Word of the Rev. Howard Finster's death on October 22 reminded me of how much we loved his sprawling outdoor gallery, Paradise Gardens. Years before, my husband and I had read about this elderly preacher from the Georgia mountains who had become the most sought-after folk artist in the nation. We had seen his message-laden paintings at a gallery in Washington, d.c., and heard tales of the hometown acres he was turning into an outdoor showplace. When we planned our 1990 summer vacation, we included a swing through northeastern Georgia so we could see Paradise Gardens firsthand.
Seeing may be believing, but it isn't necessarily comprehending. Much of Paradise Gardens, like Finster himself, was exuberantly beyond explanation. His works could be set along a spectrum, with the relatively normal end held down by direct "Repent and be saved" placards little different from those nailed to roadside tree trunks all over the South. In the middle would come the great majority of his works, which bring the gospel message with the special life and genius that set Finster apart. One of my favorites I photographed that day at the Gardens: an oil-drum lid, painted sky blue, then inscribed in red and indigo, "Dying daily is a greator sacrifice than dying dead." (Finster's eccentric spelling and grammar are so ingrained in his work that to correct them would be like toning down his vivid colors.)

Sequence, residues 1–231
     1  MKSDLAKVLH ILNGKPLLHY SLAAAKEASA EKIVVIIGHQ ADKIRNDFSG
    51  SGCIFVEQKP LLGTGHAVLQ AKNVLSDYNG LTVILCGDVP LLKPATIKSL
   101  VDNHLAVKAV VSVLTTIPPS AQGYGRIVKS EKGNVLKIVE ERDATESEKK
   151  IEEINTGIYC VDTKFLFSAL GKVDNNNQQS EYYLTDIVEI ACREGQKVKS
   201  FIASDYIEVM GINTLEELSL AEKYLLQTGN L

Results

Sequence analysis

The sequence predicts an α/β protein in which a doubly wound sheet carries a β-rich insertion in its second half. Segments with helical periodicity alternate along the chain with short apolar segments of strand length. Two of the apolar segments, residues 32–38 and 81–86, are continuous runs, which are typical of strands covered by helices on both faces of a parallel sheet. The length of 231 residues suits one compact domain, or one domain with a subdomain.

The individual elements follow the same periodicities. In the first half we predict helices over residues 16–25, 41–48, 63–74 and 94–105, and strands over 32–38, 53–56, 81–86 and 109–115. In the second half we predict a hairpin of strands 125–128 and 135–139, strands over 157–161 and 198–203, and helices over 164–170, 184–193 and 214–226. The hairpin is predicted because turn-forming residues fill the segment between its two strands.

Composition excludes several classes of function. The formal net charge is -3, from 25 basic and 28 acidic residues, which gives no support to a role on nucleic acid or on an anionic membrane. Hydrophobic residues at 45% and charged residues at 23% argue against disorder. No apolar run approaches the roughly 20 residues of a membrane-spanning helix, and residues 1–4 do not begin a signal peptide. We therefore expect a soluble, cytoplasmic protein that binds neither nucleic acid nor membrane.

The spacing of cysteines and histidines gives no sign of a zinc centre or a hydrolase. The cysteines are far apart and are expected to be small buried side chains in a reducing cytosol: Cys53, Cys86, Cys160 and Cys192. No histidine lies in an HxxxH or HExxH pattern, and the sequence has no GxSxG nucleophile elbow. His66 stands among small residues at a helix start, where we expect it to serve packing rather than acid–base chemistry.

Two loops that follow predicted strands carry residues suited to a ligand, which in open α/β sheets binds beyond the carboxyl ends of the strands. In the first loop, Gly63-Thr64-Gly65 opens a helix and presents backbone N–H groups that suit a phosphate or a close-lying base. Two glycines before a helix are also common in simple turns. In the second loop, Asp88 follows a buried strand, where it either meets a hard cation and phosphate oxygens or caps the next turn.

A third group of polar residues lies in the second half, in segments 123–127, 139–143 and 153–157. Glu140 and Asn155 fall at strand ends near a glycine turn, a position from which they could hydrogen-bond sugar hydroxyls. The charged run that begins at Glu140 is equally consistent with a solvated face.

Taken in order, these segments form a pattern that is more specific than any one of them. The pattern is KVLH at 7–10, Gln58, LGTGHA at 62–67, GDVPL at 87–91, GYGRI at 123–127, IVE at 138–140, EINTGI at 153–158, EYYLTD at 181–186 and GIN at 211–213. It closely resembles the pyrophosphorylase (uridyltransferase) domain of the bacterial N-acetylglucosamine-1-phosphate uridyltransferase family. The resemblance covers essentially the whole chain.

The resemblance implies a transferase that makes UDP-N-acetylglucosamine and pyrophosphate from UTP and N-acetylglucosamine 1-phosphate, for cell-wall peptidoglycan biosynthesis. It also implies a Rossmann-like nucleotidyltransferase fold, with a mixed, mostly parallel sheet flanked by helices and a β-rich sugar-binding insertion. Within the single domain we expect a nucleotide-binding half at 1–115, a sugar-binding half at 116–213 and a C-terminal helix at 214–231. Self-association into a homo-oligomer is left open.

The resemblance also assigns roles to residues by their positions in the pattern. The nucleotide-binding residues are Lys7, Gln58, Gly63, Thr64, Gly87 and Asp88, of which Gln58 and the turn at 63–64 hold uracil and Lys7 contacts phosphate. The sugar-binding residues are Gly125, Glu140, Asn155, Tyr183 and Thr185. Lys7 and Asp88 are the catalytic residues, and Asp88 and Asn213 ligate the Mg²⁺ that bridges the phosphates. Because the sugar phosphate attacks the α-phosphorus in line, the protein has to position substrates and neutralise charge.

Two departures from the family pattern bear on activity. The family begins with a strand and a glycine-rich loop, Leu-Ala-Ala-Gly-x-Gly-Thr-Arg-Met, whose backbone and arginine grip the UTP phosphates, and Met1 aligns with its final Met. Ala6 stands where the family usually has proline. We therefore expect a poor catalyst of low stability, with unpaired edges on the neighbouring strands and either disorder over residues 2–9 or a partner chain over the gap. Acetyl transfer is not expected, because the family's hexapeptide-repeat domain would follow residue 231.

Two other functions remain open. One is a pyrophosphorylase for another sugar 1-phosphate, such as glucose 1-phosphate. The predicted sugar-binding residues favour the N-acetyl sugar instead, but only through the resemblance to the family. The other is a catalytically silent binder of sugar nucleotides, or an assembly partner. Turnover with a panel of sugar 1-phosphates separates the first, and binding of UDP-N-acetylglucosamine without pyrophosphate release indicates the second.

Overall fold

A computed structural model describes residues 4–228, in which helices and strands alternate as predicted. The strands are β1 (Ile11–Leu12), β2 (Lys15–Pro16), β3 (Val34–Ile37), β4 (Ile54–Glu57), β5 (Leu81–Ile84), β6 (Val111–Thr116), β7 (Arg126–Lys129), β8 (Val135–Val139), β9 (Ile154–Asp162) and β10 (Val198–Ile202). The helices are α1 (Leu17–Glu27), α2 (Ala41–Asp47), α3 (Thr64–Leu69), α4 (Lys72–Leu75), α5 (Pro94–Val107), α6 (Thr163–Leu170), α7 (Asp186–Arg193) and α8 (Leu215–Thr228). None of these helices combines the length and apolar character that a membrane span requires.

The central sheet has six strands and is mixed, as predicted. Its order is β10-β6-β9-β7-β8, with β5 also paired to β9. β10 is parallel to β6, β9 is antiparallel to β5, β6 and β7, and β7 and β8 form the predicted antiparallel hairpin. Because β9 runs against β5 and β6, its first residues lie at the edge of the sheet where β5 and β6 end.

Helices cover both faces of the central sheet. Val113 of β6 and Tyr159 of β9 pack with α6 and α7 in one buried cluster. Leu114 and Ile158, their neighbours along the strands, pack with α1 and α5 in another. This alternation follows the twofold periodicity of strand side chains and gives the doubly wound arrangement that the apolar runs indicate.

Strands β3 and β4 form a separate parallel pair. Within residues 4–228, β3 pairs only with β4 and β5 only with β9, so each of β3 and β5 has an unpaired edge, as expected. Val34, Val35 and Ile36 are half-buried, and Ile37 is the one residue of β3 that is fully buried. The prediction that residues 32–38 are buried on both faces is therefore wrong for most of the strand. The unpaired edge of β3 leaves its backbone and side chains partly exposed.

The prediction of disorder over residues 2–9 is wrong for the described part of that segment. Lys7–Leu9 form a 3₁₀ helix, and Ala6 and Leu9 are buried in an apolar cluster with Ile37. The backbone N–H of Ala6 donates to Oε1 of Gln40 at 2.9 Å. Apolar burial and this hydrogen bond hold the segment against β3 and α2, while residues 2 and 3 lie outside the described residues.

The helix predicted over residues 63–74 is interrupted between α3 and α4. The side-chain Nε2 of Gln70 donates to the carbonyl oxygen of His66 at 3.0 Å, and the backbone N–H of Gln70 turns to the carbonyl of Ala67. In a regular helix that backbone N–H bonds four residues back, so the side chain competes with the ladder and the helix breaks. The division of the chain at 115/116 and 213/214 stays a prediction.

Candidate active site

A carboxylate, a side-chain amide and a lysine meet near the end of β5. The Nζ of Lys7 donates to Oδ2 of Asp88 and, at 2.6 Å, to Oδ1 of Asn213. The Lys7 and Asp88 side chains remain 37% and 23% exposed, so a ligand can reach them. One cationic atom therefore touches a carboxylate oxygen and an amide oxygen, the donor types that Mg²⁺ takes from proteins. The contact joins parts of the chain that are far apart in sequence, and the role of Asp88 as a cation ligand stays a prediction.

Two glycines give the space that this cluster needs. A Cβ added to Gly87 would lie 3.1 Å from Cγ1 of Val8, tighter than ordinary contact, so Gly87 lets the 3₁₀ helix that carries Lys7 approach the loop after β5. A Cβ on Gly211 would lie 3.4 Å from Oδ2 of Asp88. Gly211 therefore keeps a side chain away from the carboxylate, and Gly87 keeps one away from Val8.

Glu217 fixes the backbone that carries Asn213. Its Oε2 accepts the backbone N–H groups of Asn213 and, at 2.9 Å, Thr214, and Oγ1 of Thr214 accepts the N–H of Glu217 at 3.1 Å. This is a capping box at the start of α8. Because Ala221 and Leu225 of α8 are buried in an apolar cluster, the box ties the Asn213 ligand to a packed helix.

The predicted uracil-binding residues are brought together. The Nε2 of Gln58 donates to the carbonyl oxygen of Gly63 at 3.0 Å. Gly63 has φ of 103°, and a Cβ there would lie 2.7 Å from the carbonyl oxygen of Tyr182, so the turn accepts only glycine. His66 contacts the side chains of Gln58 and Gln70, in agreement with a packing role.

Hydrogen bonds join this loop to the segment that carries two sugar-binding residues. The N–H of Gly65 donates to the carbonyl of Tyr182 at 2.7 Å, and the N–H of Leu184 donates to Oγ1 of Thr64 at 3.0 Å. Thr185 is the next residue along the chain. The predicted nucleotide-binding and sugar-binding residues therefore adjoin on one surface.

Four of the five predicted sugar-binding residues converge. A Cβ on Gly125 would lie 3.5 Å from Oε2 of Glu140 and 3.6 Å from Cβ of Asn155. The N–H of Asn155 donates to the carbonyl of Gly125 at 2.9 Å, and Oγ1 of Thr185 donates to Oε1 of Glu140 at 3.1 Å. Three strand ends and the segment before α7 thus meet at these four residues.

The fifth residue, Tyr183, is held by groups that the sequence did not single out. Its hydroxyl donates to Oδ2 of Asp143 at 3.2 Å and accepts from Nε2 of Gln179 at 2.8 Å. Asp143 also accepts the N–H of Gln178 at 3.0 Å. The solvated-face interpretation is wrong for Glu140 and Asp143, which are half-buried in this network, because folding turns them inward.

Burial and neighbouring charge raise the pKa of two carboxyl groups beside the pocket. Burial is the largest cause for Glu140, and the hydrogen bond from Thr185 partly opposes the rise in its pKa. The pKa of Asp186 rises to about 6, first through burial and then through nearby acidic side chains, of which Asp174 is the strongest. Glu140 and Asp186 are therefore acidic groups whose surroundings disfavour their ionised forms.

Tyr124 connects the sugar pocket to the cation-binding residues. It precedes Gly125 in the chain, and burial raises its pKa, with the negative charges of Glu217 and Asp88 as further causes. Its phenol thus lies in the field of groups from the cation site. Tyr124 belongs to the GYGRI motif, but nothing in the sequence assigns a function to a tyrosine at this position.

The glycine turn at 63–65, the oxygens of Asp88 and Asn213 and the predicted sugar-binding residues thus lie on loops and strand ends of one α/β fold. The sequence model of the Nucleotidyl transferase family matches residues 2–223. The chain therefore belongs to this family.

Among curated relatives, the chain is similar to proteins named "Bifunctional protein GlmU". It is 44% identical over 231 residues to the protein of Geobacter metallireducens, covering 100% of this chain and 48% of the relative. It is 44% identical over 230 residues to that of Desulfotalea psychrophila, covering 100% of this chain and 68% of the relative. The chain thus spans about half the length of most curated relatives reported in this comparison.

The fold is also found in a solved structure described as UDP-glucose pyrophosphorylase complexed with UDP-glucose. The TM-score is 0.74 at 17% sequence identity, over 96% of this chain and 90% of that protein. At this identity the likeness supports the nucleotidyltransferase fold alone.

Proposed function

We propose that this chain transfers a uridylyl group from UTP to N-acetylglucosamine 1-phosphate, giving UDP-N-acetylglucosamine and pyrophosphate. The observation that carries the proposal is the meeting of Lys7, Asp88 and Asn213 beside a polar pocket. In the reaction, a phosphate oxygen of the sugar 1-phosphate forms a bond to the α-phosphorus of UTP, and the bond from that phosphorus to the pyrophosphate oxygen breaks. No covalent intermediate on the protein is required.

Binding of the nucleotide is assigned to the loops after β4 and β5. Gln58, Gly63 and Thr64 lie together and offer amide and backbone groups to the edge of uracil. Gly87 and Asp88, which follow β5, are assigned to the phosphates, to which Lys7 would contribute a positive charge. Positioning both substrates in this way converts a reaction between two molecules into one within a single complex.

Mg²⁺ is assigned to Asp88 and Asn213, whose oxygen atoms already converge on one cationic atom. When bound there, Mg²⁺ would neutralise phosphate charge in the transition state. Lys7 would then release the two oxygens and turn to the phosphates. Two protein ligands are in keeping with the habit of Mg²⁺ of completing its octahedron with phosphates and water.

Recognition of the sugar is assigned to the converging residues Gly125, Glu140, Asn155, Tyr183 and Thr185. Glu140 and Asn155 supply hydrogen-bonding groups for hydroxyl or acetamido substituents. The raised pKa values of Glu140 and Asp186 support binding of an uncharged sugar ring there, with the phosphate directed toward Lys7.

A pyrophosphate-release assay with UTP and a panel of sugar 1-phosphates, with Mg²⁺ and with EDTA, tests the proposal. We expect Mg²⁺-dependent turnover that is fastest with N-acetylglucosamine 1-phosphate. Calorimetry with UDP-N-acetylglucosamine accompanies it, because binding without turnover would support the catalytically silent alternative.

The youngest of 13 children, Finster began receiving messages and visions at age 3. He dropped out of school after sixth grade, and at 13 heard a call to preach the gospel. He preached in churches and revival tents all over the region for decades, supporting a growing family by building furniture, repairing bicycles, and farming. ...1
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